In the wake of the 10th anniversary of 9/11, those who were in close proximity to the infamous terrorist attack on the twin towers are dealing with reopened wounds. Thousands of survivors have learned to traverse the rocky road of recovery while struggling through a long, painful healing process
anchored by fortitude, family, or faith. But though memories of the tragedy have faded with time, the decade anniversary of the horrific event brings them back to the surface – if they were ever truly buried in the first place.
A new study reveals that those in the immediate area of the attack were not the only ones severely mentally affected. Those further away and indirectly exposed to the trauma also have an increased risk of developing post-traumatic stress disorder (PTSD)
. The study.
Researchers examined data from 379 employees of various New York City company employees. There were 8 organizations with 176 employees from WTC tower companies and 203 from organizations not in the towers. Some of the individuals were actually evacuated from the trade center while others were nearby when the attack occurred.
Participants were interviewed with the Diagnostic Interview Schedule/Disaster Supplement. In order to “qualify” for 9/11 trauma exposure, certain factors had to be present: physical endangerment such as being inside the towers when the planes crashed or running from falling debris, witnessing injury to others either during the attack or the aftermath (bodies falling from the towers, severe injuries, dead bodies), and having immediate family members or friends closely associated with the attack.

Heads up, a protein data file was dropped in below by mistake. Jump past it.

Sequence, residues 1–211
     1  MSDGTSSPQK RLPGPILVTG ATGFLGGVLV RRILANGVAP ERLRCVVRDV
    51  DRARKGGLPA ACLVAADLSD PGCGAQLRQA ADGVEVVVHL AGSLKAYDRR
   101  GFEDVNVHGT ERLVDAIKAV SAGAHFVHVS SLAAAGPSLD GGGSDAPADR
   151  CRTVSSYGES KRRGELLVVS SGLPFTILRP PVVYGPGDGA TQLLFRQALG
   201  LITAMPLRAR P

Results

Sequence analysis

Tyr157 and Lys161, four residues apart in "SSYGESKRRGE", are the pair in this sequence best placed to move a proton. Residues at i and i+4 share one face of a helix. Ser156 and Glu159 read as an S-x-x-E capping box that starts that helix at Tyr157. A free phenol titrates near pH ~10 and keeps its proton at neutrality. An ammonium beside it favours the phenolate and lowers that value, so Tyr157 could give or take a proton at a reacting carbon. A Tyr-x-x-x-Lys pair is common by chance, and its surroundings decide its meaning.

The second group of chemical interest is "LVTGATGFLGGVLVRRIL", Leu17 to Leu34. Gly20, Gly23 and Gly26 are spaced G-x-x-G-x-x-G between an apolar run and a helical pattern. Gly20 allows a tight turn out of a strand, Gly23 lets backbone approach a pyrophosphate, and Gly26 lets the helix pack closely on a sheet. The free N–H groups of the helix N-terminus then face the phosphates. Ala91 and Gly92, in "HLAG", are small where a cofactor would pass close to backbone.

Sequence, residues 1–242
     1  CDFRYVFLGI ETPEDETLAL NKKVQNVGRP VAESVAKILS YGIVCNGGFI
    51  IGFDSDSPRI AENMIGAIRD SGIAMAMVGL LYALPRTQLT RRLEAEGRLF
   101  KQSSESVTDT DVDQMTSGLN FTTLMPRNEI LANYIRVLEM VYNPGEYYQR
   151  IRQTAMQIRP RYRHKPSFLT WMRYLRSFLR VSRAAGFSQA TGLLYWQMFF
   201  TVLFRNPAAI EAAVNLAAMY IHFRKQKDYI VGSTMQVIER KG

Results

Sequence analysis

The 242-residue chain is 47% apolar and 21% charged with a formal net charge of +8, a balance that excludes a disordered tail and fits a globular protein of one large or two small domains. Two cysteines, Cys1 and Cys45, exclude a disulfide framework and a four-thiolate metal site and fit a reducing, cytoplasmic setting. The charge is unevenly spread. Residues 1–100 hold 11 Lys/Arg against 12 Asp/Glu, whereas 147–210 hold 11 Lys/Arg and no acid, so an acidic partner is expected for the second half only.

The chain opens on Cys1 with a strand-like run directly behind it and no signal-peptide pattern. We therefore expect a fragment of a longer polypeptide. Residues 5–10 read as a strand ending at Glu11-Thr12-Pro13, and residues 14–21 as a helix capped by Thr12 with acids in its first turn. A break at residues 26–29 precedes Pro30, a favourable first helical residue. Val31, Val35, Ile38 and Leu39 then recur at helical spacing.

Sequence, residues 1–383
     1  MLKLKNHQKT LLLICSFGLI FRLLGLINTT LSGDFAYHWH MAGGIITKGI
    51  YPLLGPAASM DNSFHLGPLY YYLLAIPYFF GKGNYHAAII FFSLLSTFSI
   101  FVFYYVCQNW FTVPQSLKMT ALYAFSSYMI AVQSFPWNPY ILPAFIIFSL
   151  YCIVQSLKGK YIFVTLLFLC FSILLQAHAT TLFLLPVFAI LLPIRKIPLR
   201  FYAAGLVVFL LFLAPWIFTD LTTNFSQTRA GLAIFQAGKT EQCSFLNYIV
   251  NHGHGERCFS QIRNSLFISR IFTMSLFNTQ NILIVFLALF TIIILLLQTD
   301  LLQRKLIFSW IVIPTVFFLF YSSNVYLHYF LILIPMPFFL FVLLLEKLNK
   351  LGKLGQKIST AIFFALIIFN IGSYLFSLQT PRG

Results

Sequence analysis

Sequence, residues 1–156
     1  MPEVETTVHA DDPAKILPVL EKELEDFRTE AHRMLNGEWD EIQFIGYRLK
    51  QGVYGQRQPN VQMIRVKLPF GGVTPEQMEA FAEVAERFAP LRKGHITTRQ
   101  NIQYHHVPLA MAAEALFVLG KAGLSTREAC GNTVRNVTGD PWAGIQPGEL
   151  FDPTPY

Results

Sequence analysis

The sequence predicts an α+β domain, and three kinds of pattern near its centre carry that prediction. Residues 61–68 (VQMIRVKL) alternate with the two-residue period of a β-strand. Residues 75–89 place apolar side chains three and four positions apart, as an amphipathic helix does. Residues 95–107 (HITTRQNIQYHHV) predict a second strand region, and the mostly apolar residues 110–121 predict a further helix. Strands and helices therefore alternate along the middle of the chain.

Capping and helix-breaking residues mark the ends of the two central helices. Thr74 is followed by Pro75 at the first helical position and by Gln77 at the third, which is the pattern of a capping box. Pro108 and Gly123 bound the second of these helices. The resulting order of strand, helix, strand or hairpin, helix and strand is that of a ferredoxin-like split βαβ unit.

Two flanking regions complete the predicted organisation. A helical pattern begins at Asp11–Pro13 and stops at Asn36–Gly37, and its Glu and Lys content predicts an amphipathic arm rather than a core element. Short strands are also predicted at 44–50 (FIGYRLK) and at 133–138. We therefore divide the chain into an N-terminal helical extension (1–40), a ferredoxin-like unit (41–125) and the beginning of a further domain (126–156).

Those involved in the studied supplied information three years after 9/11 and then a follow-up was conducted three years after that. The authors of the study found:
"Effective disaster mental health planning and response depend on accurate information about the numbers of people who will need distinct types of services. In large-scale disasters affecting large populations (such as the September 11, 2001 attacks), estimated proportions may translate into tens and hundreds of thousands of people needing services. Yet even though the 9/11 attacks constituted an undeniable trauma, the occurrence of a traumatic event is not sufficient for the diagnosis of PTSD; a qualifying exposure to the traumatic event is also necessary for consideration of this diagnosis. Exposure cannot be assumed; it must be determined on a case-by-case basis."
"The post-disaster prevalence rate of PTSD in the first three years was 35% of those in the towers or those nearby who were directly exposed to physical danger in the attacks . . . a finding that is remarkably consistent with the 34% PTSD incidence identified among directly exposed survivors of the Oklahoma City bomb blast in the first six months using the same assessment tool. These findings collectively suggest that among highly exposed survivors of severe terrorist incidents, one-third may be expected to develop PTSD." One-third.
That’s a significant number, if you ask me.
Now that mental health professionals have a decade of post-9/11 research to help guide them, perhaps qualifying trauma disaster patients
can be diagnosed with PTSD and receive the treatment they need to get their life in order.
In the immediate aftermath of the attack, the Federal Emergency Management Agency looked for a way to help the firefighters and other helpers who survived that assault. Many had stood by helplessly as desperate people jumped from the towers and the workers subsequently developed PTSD. FEMA's intervention led to forming a foundation with the sole purpose of devoting new attention to the psychological health of the firefighters and their families. Perhaps other survivors with PTSD will now have the same resources available to them.